On this finding the suit was dismissed. The defendant preferred an appeal to this Court, A. S. No, 289 of 1944 (Mad) (A). The appeal was dismissed by this Court which found that the sale in favour of Murugesa Mudaliar was a bona fide transaction not liable to be set aside and therefore the properties were not liable to be attached in execution of the defendant's decree. But the Court made the following observations:
'While holding that the two villages cannot be directly attached by the plaintiff in execution of his decree, we leave it open to the plaintiff to contend in future proceedings that he can execute his decree against that portion of the purchase price which was paid (by Murugesa) or to be paid after, the attachment.'
The judgment of this Court in appeal was deliver, ed on 13th November 1946. Meanwhile the properties had been conveyed by the heirs of Murugesa Mudaliar who had died, to two persons, T. Doraiswami Mudaliar and Pappu Chetti Lakshmi-narayana, by two sale deeds dated 27th October 1945. Within two months thereafter, these two vendees conveyed the properties purchased by them to the plaintiff under two sale deeds dated 31st December 1945.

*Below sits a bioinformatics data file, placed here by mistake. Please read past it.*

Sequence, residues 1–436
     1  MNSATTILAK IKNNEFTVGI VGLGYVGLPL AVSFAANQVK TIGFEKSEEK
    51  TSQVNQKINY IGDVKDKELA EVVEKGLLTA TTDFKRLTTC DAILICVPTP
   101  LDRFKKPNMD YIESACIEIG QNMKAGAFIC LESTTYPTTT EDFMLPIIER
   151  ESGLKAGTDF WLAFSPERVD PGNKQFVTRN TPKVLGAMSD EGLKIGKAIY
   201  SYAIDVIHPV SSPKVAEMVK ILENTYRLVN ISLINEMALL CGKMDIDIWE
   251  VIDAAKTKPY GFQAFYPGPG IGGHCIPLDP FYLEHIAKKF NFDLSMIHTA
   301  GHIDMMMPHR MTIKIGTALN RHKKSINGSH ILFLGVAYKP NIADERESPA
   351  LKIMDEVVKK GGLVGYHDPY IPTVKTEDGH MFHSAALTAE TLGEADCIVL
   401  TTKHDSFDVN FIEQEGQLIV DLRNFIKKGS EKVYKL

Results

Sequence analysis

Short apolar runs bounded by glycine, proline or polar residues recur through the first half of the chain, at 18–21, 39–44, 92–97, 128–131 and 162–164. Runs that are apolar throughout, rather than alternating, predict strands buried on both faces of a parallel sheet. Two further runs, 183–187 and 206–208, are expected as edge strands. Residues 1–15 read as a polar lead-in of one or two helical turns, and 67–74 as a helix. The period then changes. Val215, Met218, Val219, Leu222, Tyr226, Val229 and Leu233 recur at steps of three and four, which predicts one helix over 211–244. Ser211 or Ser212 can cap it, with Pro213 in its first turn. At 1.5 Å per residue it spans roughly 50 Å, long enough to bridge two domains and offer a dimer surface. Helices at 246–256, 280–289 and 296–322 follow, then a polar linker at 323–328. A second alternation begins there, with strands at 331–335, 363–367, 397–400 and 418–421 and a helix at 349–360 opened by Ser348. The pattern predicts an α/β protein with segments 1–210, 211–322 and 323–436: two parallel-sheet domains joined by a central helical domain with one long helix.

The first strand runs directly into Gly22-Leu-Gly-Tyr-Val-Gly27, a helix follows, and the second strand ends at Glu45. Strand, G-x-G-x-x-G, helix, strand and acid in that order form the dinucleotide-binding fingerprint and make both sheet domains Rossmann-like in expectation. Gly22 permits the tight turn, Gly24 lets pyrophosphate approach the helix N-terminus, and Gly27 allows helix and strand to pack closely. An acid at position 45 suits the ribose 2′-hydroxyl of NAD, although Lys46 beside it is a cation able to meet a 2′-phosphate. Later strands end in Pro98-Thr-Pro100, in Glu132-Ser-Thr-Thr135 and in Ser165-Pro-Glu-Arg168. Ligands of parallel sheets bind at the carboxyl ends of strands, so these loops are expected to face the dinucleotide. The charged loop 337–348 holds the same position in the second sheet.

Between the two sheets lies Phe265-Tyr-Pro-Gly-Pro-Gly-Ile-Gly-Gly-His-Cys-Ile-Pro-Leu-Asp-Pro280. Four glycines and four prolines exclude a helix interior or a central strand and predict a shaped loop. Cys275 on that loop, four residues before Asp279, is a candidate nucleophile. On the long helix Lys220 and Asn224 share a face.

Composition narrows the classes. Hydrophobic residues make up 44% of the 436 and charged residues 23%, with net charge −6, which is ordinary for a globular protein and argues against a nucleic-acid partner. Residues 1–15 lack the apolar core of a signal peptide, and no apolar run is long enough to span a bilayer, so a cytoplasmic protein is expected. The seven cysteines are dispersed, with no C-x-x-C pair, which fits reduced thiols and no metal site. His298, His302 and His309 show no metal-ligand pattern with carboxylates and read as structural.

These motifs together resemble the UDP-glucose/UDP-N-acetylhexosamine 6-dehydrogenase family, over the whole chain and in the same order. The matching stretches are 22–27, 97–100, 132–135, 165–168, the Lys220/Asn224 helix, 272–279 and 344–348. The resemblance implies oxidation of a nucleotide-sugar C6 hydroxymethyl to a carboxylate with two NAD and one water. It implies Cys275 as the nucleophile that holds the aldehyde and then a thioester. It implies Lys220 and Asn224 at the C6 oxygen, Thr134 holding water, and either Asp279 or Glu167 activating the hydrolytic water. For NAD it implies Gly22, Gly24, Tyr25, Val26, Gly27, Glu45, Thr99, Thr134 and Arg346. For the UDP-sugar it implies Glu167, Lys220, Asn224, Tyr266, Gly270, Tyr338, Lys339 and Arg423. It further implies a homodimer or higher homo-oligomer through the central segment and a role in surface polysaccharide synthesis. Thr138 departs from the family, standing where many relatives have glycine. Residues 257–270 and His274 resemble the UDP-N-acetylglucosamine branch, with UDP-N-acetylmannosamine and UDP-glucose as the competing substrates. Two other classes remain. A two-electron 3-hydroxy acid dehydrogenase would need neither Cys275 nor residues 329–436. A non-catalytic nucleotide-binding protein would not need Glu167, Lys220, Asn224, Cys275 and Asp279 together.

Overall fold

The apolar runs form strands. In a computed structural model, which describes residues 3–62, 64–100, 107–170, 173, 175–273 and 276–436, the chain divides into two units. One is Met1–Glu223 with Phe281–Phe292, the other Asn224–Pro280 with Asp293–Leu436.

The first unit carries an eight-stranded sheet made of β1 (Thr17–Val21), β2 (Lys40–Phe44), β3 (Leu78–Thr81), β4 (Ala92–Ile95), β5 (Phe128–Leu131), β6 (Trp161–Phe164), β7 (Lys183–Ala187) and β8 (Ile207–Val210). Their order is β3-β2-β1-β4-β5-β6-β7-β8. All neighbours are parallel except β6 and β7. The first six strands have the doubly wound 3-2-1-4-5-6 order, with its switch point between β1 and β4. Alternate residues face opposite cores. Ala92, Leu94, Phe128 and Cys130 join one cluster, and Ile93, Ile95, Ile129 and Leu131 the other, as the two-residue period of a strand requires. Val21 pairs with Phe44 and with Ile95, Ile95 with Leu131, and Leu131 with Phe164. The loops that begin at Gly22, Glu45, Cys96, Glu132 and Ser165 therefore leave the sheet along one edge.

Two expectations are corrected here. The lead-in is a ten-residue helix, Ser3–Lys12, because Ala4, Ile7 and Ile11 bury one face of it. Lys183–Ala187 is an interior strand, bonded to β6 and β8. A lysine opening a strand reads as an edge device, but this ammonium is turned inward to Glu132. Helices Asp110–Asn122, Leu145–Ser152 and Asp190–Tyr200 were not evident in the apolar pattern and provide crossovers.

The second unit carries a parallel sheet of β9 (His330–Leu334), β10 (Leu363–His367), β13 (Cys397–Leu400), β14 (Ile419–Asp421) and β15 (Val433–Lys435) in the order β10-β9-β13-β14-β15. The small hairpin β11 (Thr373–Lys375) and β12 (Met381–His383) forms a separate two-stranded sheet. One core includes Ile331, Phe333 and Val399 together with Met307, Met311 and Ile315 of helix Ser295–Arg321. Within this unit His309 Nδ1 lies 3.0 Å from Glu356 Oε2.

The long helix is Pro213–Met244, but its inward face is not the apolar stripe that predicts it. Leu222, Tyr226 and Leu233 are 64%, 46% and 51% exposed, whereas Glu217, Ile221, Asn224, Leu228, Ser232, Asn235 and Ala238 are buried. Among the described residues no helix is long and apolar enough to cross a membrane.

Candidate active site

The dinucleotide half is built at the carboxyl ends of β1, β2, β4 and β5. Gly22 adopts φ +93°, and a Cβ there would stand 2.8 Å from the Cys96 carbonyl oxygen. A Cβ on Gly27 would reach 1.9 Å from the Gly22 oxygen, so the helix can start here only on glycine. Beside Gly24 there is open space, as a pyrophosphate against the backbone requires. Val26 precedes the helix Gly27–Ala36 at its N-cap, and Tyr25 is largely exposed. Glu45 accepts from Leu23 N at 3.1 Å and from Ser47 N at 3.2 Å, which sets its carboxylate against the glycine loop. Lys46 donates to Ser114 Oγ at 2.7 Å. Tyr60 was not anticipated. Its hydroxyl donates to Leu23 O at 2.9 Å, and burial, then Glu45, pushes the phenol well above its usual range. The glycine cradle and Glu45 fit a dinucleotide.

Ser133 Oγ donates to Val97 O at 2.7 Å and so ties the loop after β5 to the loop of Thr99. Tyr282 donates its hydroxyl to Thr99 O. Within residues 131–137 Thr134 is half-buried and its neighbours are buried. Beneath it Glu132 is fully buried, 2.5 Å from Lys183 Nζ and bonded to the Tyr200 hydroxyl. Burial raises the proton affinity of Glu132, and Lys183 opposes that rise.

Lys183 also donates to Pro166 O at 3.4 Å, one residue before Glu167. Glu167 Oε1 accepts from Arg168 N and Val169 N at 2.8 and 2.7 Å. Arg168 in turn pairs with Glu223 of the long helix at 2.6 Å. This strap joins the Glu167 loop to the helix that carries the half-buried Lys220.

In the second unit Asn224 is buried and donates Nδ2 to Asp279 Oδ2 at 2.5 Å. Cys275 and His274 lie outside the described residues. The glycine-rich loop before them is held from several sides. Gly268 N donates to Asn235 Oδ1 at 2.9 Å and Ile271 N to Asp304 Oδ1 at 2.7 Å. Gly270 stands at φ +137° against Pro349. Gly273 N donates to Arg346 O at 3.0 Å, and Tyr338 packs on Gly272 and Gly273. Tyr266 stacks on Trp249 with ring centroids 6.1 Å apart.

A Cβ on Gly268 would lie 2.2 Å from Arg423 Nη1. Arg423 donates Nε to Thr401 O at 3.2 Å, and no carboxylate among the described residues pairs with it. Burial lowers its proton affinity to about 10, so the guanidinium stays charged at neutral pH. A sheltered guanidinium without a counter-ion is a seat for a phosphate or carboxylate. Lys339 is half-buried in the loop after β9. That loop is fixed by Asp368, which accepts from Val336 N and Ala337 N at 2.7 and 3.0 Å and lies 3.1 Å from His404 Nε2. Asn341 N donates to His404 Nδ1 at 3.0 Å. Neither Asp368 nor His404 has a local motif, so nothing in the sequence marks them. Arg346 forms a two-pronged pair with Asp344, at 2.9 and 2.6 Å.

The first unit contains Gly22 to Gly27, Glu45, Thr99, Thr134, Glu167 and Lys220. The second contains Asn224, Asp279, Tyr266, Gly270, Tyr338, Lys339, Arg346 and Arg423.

On 5th April 1946 the defendant filed E. P. No. 94 of 1946 for transmission of the decree obtained by him in C. S. No. 166 of 1934 to the Sub Court of Chingleput through the District Court for execution. It appears that in the application for transmission it was stated that the defendant intended to execute the decree against the purchasc price in respect of the suit .properties in the hands of the purchasers.